If you’re one of the many pet owners asking; ‘why won’t my cat sleep?’ we have all the answers you need. On the surface, it might just seem that your cat is trying to interrupt your sleep regime, however, it could be down to unmet needs or genetics.
In a bid to try and entice your furry friend to sleep, you might have invested in many of the best cat toys or one of the best cat beds. While these tricks might work for some, they might not work for others. In fact, some cats may continue to stay up, scratch, meow and run around your house long after dark. You might think they’re being naughty, but it could be that they are trying to tell you something.
It’s true, all cats have a different sleep schedule from other animals as they are genetically more prone to hunting and being active at night. However, you can help to bring their sleep-wake routine more in line with yours, to ensure you both get a good night’s sleep.
To discover the many reasons why your cat won’t nod off, let’s figure out just why your kitty might be up late and how you can help them sleep through the night.
1. They haven’t had enough social stimulation
Just like us humans, cats have a range of social needs, and they rely on us to meet them. If you’re away from home a lot during the day or are simply busy, you may notice that your cat meows or scratches a lot to try and get your attention when you are around. So when you're asking, 'Why won't my cat sleep?', here's your first clue.
According to pet coach, Jodi Ziskin, cats have a great need to exert energy. “When they’re not provided with proper stimulation, such as vertical structures to climb and jump on, and places to stretch their muscles and scratch, they can become anxious, reactive, and even aggressive toward their people or other pets in the home.”
To ensure your kitty gets all the stimulation and enrichment they need, Dr. Sabrina Castro, a Los Angeles-based vet, recommends that pet parents give their kitty plenty of outlets for their hunting instincts. Puzzle feeders that disperse treats can be a great option and a decent cat scratching post scattered with catnip will help keep those claws away from your furniture.
Making sure your cat gets plenty of stimulation and enrichment during the day will help them feel ready for sleep in the evenings. Spend plenty of time with your kitty when you can, bonding through grooming and play, and when you’re out of the house there are some fantastic videos for cats that can help keep them occupied and entertained.
2. They’re hungry or need the toilet
Have you ever found yourself with a rumbling tummy and a case of the midnight munchies that won’t go away until you feed that monster? Or waking up in the middle of the night desperate for the toilet, but hoping if you squeeze your eyes shut that feeling will magically disappear, and save you from having to leave the warmth of your bed? It turns out our furkids experience the same problems.
Cat’s often wake in the night wanting to feed as this fits with their natural evening hunting instincts. Older cats or those with a urinary tract infection can also have bladder control issues that have them crying out for the toilet. The good news is, both of these issues can be easily solved.
Tap into your kitty’s natural dawn and dusk hunting rhythm by timing their mealtimes to sync with their stomachs. Digestion makes cats sleepy, so serving them their evening meal late will help them nod off at the same time as you. Opt to dish them up a serving of the best cat food one to two hours before you want to turn in for the night, and you’ll find that your sleep schedules soon share a common rhythm.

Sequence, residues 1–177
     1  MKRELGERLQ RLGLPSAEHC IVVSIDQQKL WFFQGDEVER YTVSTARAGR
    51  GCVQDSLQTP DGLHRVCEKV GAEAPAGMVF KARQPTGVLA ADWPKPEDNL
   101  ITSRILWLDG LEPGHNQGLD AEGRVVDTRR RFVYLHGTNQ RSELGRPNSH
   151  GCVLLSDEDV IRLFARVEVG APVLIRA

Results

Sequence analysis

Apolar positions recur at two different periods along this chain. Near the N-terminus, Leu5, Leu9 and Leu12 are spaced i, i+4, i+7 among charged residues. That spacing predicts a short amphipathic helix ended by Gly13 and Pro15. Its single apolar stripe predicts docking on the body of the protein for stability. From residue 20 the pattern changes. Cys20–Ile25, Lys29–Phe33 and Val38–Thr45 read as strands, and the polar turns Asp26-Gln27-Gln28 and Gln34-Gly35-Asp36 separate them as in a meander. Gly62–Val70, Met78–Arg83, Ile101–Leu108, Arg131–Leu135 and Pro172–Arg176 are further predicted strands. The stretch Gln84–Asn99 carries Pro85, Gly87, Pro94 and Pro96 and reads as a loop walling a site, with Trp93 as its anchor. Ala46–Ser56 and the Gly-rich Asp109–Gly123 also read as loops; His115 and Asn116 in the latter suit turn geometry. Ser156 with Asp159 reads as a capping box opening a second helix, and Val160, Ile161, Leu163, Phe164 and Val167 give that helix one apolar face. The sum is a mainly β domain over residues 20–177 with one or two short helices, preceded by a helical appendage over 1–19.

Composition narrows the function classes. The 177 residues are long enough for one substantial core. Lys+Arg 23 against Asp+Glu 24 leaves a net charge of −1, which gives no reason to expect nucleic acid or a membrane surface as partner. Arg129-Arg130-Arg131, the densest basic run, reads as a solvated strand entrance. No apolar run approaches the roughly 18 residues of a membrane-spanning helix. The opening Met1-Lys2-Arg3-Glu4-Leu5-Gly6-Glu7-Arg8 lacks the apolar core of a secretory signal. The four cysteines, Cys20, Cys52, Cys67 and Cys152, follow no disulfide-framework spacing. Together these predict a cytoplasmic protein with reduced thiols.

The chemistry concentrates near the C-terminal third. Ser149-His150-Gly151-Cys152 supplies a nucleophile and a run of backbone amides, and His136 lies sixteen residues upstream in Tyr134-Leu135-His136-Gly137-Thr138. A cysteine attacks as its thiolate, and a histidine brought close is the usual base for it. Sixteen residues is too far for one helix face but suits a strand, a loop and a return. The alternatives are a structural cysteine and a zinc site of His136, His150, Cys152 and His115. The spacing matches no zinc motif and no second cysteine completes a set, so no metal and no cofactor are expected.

If you haven’t already invested in a self-cleaning cat litter box, we highly recommend it. Not only does it make your life easier by taking away the unpleasant job of having to deal with your cat’s mess every day, but it gives them access to the toilet when they need it. 'Why won't my cat sleep?' will hopefully be a phase you no longer utter.
3. They’re feeling unwell or anxious
If your kitty’s evening behavior is out of character or you notice anything unusual, it’s important to have them checked over by a veterinarian to make sure their restlessness and lack of sleep isn’t a result of illness or an underlying health condition. Refer to this article if you need an answer to the question "is my cat sick?" It’s not unusual for senior cats to suffer from feline cognitive dysfunction, which can cause disorientation that results in excessive meowing.
Changes to your kitty’s environment can also trigger a stress response that makes sleeping more difficult. If you’ve recently moved, welcomed a new addition to the family, suffered a bereavement, or made changes to your home, monitor your furkid for any signs of distress. Cats are extremely sensitive, so even seemingly small changes can have a big effect on their wellbeing.
If you sense that your cat’s evening outbursts and lack of sleepiness may be related to stress or anxiety, we highly recommend trying a product like the RelaxoPet Pro that uses high-frequency sound to help stimulate deep relaxation and calm.
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Kathryn is a freelance writer who has been a member of the PetsRadar family since it launched in 2020. Highly experienced in her field, she's driven by a desire to provide pet parents with accurate, timely, and informative content that enables them to provide their fur friends with everything they need to thrive. Kathryn works closely with vets and trainers to ensure all articles offer the most up-to-date information across a range of pet-related fields, from insights into health and behavior issues to tips on products and training. When she’s not busy crafting the perfect sentence for her features, buying guides and news pieces, she can be found hanging out with her family (which includes one super sassy cat), drinking copious amounts of Jasmine tea and reading all the books.